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CHRIS ERSKINE / FAN OF THE HOUSE

Metrodome roof collapse had to be a sign from above

The wreckage at the overripe architectural monstrosity, caused by too much snow, could only have been a message from God, and the message is, 'Tear down this stadium!' How much clearer does He need to be?

December 13, 2010|Chris Erskine

The Minneapolis Metrodome died suddenly Sunday, when its roof collapsed under the weight of too much snow. The big, ridiculous balloon/metaphor was only 28.

"Frankly, I'm glad to see it go," said Santa Claus, a tackle for the Minnesota Vikings in the 1960s, when the team played outdoors. "The place stank like reindeer."

But seriously, folks, wasn't what happened Sunday just God's way of saying that real Vikings play football outdoors? I hope you saw the video of the roof collapse. It was like a scene from "Independence Day." The fabric roof shuddered then tore, and the snow poured in like so much celebratory confetti.

Mazel tov, Minnesota. Maybe you'll finally get rid of that dump.

Indeed, 30 years seems about right for modern arenas. In the old days, they built places that could last a century. Fenway. Wrigley. Boston Garden. Madison Square Garden. They were built by two guys with a hammer and a bucket for cement. There's one in Rome that's pretty old too.

Today, stadiums are built like double-wide trailers, virtually disposable. The Metrodome's crummy next-of-kin included the Seattle Kingdome, Veterans Stadium in Philly, the Pontiac Silverdome.

What a biblical end to a Vikings season, eh? First, they lose Sidney Rice, then they gain Randy Moss, then Brad Childress and Brett Favre start bickering like schoolgirls. Amid it all, there was some little controversy, about Favre's cellphone photos, maybe you heard. In a less moral world, it would've been a big story.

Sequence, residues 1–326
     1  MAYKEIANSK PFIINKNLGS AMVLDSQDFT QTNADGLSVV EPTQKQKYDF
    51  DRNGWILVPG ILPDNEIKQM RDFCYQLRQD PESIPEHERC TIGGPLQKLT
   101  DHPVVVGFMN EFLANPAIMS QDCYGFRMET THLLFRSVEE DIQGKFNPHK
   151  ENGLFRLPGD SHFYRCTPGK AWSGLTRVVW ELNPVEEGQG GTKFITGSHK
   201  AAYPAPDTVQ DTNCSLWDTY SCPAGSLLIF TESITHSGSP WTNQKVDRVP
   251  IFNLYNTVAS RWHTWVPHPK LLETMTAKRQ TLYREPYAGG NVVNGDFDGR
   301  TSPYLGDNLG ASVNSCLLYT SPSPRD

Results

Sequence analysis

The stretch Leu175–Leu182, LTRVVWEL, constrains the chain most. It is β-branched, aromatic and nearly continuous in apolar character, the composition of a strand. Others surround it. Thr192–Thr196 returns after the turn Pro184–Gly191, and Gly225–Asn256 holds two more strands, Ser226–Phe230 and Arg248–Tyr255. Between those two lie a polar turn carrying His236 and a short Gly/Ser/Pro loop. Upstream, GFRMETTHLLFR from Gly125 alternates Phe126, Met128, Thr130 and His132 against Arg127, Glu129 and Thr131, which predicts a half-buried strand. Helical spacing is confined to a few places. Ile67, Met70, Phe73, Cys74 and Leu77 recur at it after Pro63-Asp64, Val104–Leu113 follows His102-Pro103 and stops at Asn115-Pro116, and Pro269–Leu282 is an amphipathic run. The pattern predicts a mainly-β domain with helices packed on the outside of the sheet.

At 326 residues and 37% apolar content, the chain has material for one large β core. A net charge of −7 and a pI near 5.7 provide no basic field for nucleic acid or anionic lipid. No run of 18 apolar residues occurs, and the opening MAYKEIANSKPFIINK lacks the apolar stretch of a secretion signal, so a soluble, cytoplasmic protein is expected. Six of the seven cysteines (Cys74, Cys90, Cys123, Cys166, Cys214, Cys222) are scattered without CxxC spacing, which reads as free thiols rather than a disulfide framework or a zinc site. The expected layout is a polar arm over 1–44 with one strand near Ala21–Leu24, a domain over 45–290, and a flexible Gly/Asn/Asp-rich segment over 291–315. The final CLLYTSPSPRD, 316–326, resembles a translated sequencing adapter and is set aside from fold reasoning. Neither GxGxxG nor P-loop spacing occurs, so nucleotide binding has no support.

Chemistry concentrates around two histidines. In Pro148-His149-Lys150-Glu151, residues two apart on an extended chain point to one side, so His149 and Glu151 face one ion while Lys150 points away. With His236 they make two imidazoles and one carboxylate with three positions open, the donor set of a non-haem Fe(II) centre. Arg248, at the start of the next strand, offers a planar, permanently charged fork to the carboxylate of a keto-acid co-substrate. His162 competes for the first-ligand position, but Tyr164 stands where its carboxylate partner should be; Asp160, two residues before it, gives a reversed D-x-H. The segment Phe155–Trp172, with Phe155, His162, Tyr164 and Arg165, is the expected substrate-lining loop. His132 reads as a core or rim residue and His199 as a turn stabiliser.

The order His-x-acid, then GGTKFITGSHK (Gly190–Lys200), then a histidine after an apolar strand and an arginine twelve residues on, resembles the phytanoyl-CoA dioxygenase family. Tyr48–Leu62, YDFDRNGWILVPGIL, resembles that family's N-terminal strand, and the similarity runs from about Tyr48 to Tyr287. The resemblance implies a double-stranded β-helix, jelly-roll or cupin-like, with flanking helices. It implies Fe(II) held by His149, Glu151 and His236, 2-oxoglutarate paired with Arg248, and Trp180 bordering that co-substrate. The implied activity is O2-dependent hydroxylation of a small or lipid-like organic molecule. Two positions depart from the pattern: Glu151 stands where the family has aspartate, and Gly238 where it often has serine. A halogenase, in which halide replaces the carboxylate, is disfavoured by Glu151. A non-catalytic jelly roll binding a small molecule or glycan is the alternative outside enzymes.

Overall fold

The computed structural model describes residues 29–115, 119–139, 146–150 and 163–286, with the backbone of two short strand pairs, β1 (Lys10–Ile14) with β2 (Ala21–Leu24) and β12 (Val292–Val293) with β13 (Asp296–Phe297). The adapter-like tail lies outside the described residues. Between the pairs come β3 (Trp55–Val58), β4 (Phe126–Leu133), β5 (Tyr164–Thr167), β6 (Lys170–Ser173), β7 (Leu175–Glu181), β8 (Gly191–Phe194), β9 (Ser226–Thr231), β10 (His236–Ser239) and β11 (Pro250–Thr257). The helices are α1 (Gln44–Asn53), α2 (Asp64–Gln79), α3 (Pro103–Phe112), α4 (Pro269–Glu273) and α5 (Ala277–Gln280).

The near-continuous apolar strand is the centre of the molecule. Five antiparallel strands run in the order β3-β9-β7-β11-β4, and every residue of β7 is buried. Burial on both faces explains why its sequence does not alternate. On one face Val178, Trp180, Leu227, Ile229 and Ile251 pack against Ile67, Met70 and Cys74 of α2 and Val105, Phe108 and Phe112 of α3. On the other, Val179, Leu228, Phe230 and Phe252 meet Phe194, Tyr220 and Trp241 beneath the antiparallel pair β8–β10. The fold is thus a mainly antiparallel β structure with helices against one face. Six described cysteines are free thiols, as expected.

It finally got to be too much. What happened early Sunday was clearly divine intervention. There should've been a priest present.

You know what's good indoors? Poker. Or sleeping . . . that's good indoors too. Everything else is better outdoors — eating, shopping, sports, even showering. Ever showered outdoors? It's liberating and a little decadent. I really recommend it. You're on your own with the authorities, though.

Point is, football's grittiest he-man division — the NFC North — should be an open-stadium league that takes advantage of the lovely late-season splendor of the upper Midwest. Tell me you don't get a slight snow-gasm every time you turn on the tube to see two teams duking it out in a blizzard. Of course you do.

You might also note that the Lions haven't had a winning season since they moved indoors two stadia ago. Then again, I don't think the Lions ever had a winning season. Why they even televise a Lions game anymore is beyond me.

Meanwhile, the Packers and the Bears have had good runs in their outdoor stadiums. Their kooky fans feed off the fresh air and the stadiums always sell out, no matter how many people lose limbs. In fact, some fans will show their devotion by disrobing.

Even hockey is finding a resurgence with its outdoor games. A collegiate match last week, held in Michigan Stadium, was viewed by more than 113,000, many of them penguins (probably loaded).

By ignoring the obvious, the city of Minneapolis now has itself a fine mess. The Vikings' lease expires next year, though there must be something in the boilerplate about upkeep and playability. I'm not a lawyer, but I'm smart enough to know that the smaller the print, the more likely it is to come bite you in the butt later (that's legal talk).

In the meantime, R.I.P., Metrodome. Without a lot of other options, the apple-cheeked Minnesotans will try to repair its torn toupee in time for next week's Monday night game against the Bears. Or, they could just finish what God started on the Sabbath.

Just take it off.

chris.erskine@latimes.com

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